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Re: [Lynx-dev] Re: weird abortions

From: Thomas Dickey
Subject: Re: [Lynx-dev] Re: weird abortions
Date: Mon, 3 Jan 2005 15:20:23 -0500 (EST)

On Mon, 3 Jan 2005, Thorsten Glaser wrote:

The ?? orgy continues...

#164 0x00000000 in ?? ()
#165 0xcfbf26d8 in ?? ()
#166 0x1c0e4f42 in valloc ()
Previous frame inner to this frame (corrupt stack?)

Do you still suggest to re-try with valgrind or recompiling
lynx with find-leaks?

Perhaps.  As you see, memory corruption problems can be tedious to
resolve.  I recall troubleshooting something like this by running
lynx with the trace option turned on, and seeing how far it got.
(This, of course, for a case which I could reproduce).  Then I added
more CTRACE's in the general area where the code appeared to die.
Some of the CTRACE's are for very low-level calls, and it's hard to
see where they are, so adding calls such as

        CTRACE((tfp, "%s @%d\n", __FILE__, __LINE__));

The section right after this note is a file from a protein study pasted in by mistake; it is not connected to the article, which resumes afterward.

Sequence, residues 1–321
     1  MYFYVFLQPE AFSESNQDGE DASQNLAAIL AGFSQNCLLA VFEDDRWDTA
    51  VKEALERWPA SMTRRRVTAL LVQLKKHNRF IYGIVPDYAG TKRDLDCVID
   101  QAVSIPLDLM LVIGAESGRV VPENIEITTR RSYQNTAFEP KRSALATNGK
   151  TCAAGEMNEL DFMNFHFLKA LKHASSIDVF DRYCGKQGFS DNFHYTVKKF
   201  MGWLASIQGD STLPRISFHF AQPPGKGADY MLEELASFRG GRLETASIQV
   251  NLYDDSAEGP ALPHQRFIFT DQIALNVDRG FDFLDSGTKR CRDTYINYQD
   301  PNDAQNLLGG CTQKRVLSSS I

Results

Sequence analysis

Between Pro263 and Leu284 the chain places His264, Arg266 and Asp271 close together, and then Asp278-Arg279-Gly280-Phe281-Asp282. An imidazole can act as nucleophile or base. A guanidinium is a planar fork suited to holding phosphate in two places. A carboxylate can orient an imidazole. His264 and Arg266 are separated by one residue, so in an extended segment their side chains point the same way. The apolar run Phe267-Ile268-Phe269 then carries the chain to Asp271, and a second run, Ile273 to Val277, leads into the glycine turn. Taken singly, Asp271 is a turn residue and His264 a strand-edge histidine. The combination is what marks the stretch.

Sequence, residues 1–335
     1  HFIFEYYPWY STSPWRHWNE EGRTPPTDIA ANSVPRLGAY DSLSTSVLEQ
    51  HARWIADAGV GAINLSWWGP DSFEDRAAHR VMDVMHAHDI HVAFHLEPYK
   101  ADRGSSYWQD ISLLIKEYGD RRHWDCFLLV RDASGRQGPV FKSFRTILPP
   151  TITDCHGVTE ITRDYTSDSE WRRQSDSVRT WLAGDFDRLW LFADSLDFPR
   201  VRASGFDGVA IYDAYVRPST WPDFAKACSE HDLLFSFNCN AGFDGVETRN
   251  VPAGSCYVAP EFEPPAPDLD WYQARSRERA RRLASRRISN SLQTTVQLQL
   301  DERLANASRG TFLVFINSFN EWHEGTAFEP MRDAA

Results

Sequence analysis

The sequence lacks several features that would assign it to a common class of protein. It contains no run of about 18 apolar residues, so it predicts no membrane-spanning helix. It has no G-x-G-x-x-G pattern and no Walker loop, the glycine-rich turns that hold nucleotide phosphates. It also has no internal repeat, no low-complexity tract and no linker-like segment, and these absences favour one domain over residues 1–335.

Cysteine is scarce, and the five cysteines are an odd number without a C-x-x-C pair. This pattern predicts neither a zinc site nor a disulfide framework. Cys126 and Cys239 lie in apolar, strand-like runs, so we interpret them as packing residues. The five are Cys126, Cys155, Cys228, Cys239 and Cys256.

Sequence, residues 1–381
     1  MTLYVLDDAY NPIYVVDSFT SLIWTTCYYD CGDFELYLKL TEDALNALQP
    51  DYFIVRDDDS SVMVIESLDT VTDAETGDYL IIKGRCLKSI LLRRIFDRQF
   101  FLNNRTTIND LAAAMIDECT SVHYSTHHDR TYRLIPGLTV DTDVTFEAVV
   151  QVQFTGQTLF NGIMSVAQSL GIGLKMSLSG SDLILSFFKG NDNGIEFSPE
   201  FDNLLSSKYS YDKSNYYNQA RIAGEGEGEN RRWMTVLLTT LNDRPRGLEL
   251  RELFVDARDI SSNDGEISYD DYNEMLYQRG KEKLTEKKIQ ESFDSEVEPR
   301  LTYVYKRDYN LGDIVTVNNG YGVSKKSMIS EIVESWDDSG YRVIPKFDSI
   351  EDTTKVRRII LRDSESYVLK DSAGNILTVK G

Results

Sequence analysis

to the source above those calls can give some hints.  Mostly I rely on
traces to give information (it's rare for me to use more than a half-dozen
gdb commands in a session - walkback, run, print (2-3 different variables).

The one I have in mind was this:

* replace fixed-buffer Style_className[] with a dynamically-allocated buffer,
  needed for large pages which lack correctly-nested tags, e.g.,
  (reported by Frederic L W Meunier) -TD

The problem was that a fixed-buffer (under src) was used for storing a stack of names. When it ran past the end of the buffer, adjacent data was overwritten, causing a secondary problem down in the WWW logic, and finally a core dump.

Narrowing the problem down to see where the first problem can be observed is the first step. The cause may be far removed from the symptom - which is why it's nice to have a case that can be repeated (in debugging, I repeat those cases many times ;-)

Thomas E. Dickey

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